From Friday, the need to provide a vaccine pass with photo ID could mean transgender people are outed against their will, writes Cassie Withey-Rila.
The government is failing us with this vaccine pass setup. By “us”, I mean those of us whose experience, performance or embodiment of gender doesn’t match society’s Eurocentric gender binary.
There is so much nuance and diversity in our communities, and so many words and terms people feel affirmed by: umbrella terms, covering a range of genders, such as transgender, non-binary, gender diverse and gender non-conforming.
Then there are Pacific cultural identities, such as fa’afafine (Sāmoan), fakaleiti (Tongan), whakawahine/takatāpui/tangata ira tane, irawhiti, tāhine (Māori), ‘akava’ine (Cook Island), drodrolagi (Fijian) and mahu (Hawaiian).
And identities that are beyond what words can capture, beyond the knowledge of any one person.
One thing that is common across these experiences is that the systems in this country are working against us.
I generated my vaccine pass over the weekend and it bears a name that isn’t correct.
Some of what follows is recommendations on how we can all make this situation suck less for those of us who are potentially going to be excluded from safely engaging in public spaces. Some of it is just spelling out what is and what is not happening around names and the vaccine pass. And some is advice to transgender people who may not have documents that match their name, or a mix of documents, some with correct names and some without. This also applies to the many people who go by shortened or Anglicised names to avoid Pākehā people butchering their given names, or those who have been married, estranged or divorced.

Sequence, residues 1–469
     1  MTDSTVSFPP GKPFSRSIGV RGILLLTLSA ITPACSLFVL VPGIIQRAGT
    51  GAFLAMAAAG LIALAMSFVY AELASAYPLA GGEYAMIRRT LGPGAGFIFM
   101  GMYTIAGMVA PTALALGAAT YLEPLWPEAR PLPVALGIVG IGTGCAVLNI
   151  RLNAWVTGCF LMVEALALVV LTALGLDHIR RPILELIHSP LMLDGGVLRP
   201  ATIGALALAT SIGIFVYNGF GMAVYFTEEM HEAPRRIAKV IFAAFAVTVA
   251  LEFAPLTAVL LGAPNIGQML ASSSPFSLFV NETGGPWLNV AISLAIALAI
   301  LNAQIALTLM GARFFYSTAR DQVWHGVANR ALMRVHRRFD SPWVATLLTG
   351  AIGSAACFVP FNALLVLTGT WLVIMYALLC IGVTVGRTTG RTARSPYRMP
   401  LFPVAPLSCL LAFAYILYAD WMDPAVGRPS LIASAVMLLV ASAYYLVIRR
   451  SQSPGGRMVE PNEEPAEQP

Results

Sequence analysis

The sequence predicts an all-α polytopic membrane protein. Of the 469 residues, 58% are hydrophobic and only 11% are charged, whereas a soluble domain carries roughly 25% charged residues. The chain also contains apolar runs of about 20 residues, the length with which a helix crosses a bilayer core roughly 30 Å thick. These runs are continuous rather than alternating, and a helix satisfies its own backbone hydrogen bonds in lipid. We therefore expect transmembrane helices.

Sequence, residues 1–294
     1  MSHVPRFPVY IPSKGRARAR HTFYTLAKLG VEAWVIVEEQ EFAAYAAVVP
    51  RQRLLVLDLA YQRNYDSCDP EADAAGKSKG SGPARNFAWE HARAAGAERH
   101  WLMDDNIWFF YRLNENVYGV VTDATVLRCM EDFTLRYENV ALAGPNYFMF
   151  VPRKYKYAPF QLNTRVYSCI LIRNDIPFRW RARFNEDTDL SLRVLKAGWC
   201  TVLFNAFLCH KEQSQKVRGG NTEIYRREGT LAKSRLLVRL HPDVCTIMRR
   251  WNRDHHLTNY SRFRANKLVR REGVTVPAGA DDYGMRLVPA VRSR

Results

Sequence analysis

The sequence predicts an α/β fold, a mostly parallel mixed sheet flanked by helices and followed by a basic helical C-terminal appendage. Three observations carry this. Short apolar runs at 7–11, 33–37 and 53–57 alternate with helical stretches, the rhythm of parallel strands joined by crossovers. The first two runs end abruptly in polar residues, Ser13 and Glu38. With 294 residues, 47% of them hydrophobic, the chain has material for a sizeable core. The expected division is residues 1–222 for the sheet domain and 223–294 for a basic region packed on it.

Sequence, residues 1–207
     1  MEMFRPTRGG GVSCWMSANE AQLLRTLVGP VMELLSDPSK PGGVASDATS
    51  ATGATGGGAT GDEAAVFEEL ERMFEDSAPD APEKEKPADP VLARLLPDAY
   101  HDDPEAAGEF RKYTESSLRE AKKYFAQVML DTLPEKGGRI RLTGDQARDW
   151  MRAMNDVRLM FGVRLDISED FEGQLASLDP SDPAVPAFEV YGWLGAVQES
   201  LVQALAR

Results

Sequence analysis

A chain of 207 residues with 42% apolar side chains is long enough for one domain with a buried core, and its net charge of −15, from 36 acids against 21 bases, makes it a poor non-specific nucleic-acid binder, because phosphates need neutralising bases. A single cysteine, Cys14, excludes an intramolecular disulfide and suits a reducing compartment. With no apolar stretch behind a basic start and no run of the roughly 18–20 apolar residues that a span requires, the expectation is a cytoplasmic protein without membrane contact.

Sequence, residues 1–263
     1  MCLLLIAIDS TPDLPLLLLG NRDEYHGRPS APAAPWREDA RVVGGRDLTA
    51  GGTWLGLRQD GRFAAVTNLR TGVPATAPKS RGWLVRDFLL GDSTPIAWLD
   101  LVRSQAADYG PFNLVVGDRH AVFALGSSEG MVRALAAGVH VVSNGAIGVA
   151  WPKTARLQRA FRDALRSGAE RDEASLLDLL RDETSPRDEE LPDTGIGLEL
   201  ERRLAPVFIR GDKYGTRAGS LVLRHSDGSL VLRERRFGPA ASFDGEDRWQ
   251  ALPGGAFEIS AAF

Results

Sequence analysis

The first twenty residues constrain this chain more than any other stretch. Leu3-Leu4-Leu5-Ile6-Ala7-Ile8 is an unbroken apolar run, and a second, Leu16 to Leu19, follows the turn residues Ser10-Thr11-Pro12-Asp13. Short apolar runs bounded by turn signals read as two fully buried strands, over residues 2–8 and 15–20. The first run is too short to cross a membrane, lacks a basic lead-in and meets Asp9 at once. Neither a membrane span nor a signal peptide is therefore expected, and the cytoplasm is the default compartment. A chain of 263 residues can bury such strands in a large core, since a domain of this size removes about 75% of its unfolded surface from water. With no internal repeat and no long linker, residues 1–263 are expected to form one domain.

What’s the current deal?
From December 3 you’ll be required to scan into some venues using your vaccine pass, a code that verifies you have received two doses of the Covid-19 vaccine. This is required for live events, restaurants, bars and cafes, beauty and wellness treatments, hairdressers and gyms, and public and faith-based gatherings.
What the person scanning your pass will see is your vaccination status, name and date of birth only.
No matter what names you used when you set up your Ministry of Health My Health Account, the name that appears on My Covid Record and your vaccine pass is the name attached to your NHI number (whatever was entered as your “preferred name” at the time). If you were born after 1992 or you’ve ever received health or disability care from a GP, clinic or hospital, you’ll have an NHI number.
It will also be the name used on the International Travel Vaccination Certificate, if you intend to travel overseas, and it must match the name on your passport (the name on the vaccine pass, used domestically to get into events etc, doesn’t have to match the name on a passport per se, but if it doesn’t match any of your photo ID… well, that’s what we’re here to figure out).
How do I change my NHI details?
If you are someone whose NHI number doesn’t match the name you go by, you need to “correct” the name associated with your NHI number via your healthcare provider or DHB. They don’t need paperwork to justify this change, they can just update it in their system. Considering how long some of us have to wait for a GP appointment, consider contacting them soon. Some providers are unaware that they can do this, so it might be worth checking or bringing something to convince them if needed (this article perhaps).